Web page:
Girl Scouts of Colorado has two special opportunities for you to hear directly from 2020 National Gold Award Girl Scout Julia Trujillo. As a National Gold Award Girl Scout, Julia is one of one of ten teen activists honored by Girl Scouts of the USA. As a senior at Arvada West High School, Julia tackled the lack of accessibility to menstrual products in Colorado public schools and the stigma of periods. She partnered with Colorado State Representative Brianna Titone and led the high school’s Intersectional Feminist Club to create a legislative action committee, which introduced a bill to end period poverty and stigma, and advocated for students in Title One schools. Julia was also selected to be GSUSA’s girl activist and representative at the United Nation’s Girls Speak Out Girl’s Rights Townhall earlier in October.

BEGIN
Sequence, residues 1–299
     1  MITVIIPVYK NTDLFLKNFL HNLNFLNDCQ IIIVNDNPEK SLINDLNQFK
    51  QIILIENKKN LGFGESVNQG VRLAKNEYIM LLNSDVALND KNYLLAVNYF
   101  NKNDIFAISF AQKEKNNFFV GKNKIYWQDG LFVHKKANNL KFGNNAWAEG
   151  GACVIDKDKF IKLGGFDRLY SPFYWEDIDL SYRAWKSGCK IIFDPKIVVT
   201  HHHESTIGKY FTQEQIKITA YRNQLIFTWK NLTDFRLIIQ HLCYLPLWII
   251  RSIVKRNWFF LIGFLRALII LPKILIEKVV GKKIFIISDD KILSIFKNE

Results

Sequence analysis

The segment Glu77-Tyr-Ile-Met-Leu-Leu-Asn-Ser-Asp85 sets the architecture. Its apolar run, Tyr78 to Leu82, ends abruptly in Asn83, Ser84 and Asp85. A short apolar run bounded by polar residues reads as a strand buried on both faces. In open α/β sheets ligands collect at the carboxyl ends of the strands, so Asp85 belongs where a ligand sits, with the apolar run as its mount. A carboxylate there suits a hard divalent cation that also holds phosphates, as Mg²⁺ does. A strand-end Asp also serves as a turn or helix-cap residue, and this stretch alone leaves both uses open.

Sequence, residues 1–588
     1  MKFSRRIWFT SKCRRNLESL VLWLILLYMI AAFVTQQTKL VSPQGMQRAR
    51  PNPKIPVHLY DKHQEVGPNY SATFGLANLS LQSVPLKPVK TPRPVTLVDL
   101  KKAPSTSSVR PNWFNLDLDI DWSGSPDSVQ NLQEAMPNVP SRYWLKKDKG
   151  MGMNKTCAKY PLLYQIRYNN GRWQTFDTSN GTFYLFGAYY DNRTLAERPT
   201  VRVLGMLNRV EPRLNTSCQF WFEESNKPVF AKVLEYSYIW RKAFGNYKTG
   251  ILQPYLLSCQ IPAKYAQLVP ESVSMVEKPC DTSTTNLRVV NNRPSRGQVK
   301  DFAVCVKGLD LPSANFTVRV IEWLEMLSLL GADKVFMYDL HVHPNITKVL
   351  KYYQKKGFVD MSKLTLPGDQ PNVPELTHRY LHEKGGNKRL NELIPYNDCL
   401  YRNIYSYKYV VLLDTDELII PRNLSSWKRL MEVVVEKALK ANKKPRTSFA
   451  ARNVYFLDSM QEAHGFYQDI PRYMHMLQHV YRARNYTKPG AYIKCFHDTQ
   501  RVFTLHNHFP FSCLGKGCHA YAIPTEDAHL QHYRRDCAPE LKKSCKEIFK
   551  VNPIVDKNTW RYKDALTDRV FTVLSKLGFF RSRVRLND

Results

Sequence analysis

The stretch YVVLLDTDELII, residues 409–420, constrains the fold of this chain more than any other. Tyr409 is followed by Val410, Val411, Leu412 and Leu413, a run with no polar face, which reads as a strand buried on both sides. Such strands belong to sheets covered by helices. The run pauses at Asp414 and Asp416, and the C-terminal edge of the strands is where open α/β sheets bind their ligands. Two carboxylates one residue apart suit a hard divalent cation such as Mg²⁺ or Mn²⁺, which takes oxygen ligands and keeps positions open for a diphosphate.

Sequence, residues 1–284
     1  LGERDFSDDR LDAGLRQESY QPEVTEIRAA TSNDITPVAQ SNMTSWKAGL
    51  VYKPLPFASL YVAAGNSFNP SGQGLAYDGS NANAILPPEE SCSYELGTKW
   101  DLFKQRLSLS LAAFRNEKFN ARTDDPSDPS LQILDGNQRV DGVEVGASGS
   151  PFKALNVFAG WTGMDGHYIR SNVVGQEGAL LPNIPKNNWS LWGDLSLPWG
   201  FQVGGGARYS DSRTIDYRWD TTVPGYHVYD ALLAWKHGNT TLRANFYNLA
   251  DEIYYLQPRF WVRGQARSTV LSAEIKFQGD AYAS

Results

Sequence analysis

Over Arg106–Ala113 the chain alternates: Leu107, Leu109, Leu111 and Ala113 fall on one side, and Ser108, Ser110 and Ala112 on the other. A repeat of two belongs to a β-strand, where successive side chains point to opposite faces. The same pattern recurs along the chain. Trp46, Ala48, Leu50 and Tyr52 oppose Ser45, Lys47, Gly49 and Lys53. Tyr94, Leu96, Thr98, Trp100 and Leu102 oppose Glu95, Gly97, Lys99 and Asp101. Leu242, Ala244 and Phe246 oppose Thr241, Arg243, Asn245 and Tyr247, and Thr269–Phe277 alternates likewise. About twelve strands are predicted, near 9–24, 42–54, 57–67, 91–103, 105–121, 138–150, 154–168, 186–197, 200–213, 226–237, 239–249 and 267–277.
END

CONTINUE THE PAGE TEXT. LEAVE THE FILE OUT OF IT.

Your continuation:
• Watch this special interview with Julia and Girl Scouts of Colorado CEO Leanna Clark.
  • Julia also participated in GSCO’s “Meet an Expert” webinar series on October 27, 2020. Girl Scouts of all ages and adults joined from across Colorado to learn about Julia’s journey to the Gold Award, becoming a National Gold Award Girl Scout, and her advice for other girls. Missed it? Listen here.

Girl Scouts who participated in the live session or listen to the recording can purchase their “Meet an Expert” patch online: https://www.girlscoutsofcolorado.org/en/about-girl-scouts/gsco-shop.html

Resources from the webinar:

Questions? Email aimee.artzer@gscolorado.org.

We want to hear how your girl is using her Girl Scout skills by taking initiative, caring for the community, and Girl Scouting at home. She can send in her story here.

Colorado Girl Scout Earns National Award for Addressing Lack of Menstrual Product Accessibility